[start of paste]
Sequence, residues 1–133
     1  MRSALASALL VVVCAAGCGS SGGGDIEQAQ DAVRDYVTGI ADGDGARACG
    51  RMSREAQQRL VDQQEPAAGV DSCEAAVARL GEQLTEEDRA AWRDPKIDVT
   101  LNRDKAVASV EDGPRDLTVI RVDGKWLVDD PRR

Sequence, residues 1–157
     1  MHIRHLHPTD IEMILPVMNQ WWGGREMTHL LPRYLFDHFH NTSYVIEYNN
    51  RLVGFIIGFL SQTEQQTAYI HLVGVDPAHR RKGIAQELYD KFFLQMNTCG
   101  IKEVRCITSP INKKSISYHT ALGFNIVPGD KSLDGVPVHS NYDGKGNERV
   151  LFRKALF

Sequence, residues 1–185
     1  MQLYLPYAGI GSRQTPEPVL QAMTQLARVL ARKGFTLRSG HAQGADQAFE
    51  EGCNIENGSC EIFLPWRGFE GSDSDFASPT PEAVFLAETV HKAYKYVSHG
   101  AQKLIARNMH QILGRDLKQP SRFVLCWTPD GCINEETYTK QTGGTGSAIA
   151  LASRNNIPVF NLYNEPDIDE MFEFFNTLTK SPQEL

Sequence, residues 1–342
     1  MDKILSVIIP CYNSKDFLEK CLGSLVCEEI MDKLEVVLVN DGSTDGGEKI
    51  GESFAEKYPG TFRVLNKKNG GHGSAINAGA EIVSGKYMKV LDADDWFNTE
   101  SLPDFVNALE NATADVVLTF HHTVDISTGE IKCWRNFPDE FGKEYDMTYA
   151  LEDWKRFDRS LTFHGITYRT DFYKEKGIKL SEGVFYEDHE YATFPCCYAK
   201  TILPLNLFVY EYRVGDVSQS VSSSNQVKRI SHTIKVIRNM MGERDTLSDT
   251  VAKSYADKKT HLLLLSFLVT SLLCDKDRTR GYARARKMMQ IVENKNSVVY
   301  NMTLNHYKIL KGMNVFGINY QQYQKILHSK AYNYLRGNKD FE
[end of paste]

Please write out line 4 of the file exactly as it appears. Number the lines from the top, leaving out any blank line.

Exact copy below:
   101  LNRDKAVASV EDGPRDLTVI RVDGKWLVDD PRR